On Tape: Judas Hung Himself in America

By Devon Chodzin ’19

Judas Hung Himself in America


After a particularly illustrious few years on records and on tour with Elvis Depressedly, Mathew Lee Cothran has put out another tape under his self-titled solo project via Joy Void Recordings. Cothran dedicated this tape, Judas Hung Himself in America, to his recently departed grandfather and father figure. The tape itself is as beautiful as it is haunting. Several tracks ask unanswerable questions: Where does our shame go while we sleep? (“Judas in America”) How do I give in with grace? (“Liquor Store”) You could move a mountain, but where would it go? (“Who Did Pull the Pin of the People?”) Likewise, Cothran uses Judas as a platform to grapple with his recent sobriety, especially in the tracks “Cherry High” and “Liquor Store.” In all, I’d say Judas is concrete proof that some of the most prolific artists create some of their most resonant works in the midst of immense trials and tribulations.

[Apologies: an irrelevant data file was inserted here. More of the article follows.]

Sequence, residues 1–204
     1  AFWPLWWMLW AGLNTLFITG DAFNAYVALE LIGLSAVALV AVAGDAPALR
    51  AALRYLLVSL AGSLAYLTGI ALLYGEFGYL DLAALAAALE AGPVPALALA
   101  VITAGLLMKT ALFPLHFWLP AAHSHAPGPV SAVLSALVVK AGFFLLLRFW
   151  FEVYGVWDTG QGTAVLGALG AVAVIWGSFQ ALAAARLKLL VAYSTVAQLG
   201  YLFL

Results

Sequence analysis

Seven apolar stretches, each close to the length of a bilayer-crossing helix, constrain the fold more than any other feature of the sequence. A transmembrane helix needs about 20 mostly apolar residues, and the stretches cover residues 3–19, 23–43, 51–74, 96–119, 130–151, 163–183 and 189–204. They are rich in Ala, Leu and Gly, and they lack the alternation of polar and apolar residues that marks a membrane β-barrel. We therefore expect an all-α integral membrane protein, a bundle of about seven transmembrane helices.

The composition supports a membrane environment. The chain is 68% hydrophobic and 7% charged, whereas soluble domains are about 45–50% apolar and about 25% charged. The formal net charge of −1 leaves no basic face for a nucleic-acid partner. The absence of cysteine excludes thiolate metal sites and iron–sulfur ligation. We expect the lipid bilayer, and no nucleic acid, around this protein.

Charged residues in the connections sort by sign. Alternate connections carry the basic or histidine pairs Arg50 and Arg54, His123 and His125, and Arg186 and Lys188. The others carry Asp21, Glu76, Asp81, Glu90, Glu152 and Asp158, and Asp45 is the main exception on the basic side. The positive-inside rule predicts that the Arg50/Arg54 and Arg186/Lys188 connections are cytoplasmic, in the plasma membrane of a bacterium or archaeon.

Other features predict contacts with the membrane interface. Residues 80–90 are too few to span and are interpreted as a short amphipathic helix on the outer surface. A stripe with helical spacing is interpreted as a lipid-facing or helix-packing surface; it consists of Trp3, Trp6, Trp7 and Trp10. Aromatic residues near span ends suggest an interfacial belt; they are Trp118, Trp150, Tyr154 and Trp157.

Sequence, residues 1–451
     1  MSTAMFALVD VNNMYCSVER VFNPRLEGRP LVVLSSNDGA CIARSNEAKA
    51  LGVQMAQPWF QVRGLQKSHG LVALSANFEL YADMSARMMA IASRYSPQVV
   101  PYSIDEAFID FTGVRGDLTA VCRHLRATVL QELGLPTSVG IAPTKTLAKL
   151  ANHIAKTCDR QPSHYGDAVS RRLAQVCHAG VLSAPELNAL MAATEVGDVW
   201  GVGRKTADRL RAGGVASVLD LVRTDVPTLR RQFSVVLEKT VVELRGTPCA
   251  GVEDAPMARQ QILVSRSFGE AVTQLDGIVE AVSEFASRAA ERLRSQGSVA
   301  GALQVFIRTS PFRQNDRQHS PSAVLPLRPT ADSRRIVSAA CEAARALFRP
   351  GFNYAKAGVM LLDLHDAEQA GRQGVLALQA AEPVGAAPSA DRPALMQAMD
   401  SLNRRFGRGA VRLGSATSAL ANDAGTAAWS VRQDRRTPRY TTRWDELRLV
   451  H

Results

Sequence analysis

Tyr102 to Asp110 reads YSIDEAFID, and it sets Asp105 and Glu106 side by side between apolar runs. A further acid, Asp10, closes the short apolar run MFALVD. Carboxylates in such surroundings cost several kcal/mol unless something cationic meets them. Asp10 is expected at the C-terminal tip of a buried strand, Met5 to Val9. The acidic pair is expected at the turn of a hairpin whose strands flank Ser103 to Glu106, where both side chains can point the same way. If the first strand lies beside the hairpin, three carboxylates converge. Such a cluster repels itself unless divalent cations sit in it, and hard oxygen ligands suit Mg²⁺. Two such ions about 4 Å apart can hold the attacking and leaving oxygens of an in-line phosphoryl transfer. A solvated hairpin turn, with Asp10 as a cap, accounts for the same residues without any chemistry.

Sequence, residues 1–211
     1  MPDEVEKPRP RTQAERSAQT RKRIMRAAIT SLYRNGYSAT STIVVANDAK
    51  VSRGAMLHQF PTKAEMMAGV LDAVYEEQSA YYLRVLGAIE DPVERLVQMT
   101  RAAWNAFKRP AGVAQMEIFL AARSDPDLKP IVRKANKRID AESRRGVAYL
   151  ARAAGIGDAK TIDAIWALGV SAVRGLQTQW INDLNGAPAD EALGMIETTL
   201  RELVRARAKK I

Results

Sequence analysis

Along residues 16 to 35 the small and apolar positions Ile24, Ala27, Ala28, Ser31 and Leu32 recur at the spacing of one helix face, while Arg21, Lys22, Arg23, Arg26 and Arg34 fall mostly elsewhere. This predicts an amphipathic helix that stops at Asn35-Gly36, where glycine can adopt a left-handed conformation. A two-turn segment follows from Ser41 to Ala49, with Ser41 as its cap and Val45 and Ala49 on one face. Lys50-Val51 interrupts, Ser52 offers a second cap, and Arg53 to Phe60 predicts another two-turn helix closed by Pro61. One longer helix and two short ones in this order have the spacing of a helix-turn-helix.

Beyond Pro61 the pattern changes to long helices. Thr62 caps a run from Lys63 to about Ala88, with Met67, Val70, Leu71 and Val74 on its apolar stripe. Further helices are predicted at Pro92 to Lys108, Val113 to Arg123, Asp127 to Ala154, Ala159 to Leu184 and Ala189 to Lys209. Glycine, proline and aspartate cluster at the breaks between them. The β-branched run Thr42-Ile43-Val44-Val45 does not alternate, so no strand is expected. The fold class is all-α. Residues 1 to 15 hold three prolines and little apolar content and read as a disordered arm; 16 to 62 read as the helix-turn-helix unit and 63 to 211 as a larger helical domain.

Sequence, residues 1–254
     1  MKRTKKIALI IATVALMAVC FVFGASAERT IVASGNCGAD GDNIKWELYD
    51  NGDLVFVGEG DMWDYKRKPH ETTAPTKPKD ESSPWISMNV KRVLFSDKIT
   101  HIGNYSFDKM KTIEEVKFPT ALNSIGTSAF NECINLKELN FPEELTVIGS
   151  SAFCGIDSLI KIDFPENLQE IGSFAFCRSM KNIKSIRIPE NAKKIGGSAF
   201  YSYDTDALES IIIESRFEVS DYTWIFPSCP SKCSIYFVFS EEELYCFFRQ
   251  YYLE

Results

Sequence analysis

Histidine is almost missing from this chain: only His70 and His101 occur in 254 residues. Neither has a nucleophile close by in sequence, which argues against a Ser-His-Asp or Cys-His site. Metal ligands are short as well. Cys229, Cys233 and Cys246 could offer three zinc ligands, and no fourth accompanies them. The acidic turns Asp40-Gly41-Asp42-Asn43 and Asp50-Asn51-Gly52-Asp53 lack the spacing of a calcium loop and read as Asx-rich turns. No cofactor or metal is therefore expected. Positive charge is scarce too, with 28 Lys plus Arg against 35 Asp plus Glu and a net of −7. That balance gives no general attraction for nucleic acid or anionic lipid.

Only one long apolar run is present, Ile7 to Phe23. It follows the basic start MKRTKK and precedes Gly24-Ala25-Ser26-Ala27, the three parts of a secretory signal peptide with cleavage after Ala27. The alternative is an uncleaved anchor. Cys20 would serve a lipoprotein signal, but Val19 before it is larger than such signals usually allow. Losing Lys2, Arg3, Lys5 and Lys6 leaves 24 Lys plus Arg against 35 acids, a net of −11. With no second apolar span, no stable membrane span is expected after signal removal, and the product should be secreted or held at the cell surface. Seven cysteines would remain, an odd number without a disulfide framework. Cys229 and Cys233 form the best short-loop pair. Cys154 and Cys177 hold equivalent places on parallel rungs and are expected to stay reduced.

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Rabbit Wilde’s “The Heartland” Exceeds Expectations

by Sonia Calzaretta ’18

As anyone who knows me will tell you, I’m a huge fan of music with an indie folk sound. Songs with haunting harmonies and that twangy banjo/ mandolin combo that reminds me of childhood summers.

Liking this kind of music means that I’ve become pretty proficient at recognizing an indie folk album cover when I see one. “The Heartland” looks exactly like what you’d expect an inside folk album cover to look like: a watercolor painting of a city in purples and grays, blocky band name, cursive album title. It came out in February of this year, so it’s fairly new, and Rabbit Wilde has only been making music since 2014. I found the album when I was walking through the hallway between the WKCO office and the broadcast booth, alphabetized among the hundreds of CDs we have down there. It looked interesting, so I took it home. I’m so glad that I did. The plain cover hides an album of surprising merit, one that I’m sure will be among my favorites for years to come.